by Rick Morton
Obviously, orphans are among the least powerful and most vulnerable people on earth. That is why I believe that God has been so direct in His call to care for them. They are defenseless, and God by His very nature is a defender. In His call to emulate His holiness, He wants us to be defenders as well.
From their lack of standing and significance in society, orphaned children are easy to exploit. Mostly, when they are taken, they are not missed. When they are abused, they are not heard. And sadly, there is a seemingly endless supply of orphans to be used and cast aside by a depraved system of abusers.
According to the US State Department, somewhere between 600,000 and 800,000 people are trafficked across international borders each year, and approximately 50 percent of those trafficked are children. Orphan children can find themselves in dire circumstances, serving in forced labor and even prostitution at the hands of a well organized and lucrative global criminal system bent on their exploitation for the gain of others.
- Some children are sold into slavery by their families or are given away by their families on the promise of a better life for the child, and thus they are rendered fatherless in the process.
- Others are abducted into slavery from the streets with no one to notice their absence or to come looking for them.
- Orphan graduates, those children who “age out” of an institutional situation, face great difficulty and can be easy targets for human traders and pimps. With nowhere to turn for the basic necessities of life, they give up the one commodity they possess—themselves—to pay the price for their subsistence.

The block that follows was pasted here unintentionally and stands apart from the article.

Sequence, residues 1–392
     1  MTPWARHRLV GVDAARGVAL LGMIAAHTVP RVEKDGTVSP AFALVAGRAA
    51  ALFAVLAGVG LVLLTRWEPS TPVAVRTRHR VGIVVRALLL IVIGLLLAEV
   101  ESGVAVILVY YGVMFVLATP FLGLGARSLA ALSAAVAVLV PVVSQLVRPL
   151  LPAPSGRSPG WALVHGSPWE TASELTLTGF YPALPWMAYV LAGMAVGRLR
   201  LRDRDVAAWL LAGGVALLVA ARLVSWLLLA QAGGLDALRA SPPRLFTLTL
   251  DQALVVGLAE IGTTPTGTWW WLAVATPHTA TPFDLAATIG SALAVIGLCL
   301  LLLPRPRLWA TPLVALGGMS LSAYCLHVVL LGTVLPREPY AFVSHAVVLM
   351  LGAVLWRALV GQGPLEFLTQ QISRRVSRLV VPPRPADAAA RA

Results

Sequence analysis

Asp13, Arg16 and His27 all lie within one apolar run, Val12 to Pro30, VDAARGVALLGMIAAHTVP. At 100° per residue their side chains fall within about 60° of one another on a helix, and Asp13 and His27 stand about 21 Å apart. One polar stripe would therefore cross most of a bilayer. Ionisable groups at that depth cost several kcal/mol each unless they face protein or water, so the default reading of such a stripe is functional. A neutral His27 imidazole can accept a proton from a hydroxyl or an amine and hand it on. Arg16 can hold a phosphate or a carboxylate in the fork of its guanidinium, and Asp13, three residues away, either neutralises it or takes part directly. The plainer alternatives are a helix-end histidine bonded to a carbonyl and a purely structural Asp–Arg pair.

As ambassadors of Christ, we must stand in the gap for these helpless children. They are our concern because they are God’s handiwork, and they are being treated unjustly. The presence of this kind of injustice is dishonoring to God.
To God’s glory from His example, we must look for practical ways to care for exploited orphans and to rescue them from their oppressors. How can we as individuals and as churches take part in making a difference for a vulnerable orphan? We have to be creative to make a real difference.
While we must look for little, personal ways to rescue exploited orphans, we also need to band together and use the collective voice of the church. We must stand up as citizens and voters to insist that our local, state, and national governments take action on orphans’ behalf. We must use our place in the world as a tool of pressure to make laws that fight back the slavery and oppression of these precious children.
Rick Morton, along with his wife, Denise, played an integral role in the cofounding of Promise 139, an international orphan-hosting ministry. He serves as discipleship pastor at Temple Baptist Church in Hattiesburg, Mississippi. Rick and Denise have three children, all adopted.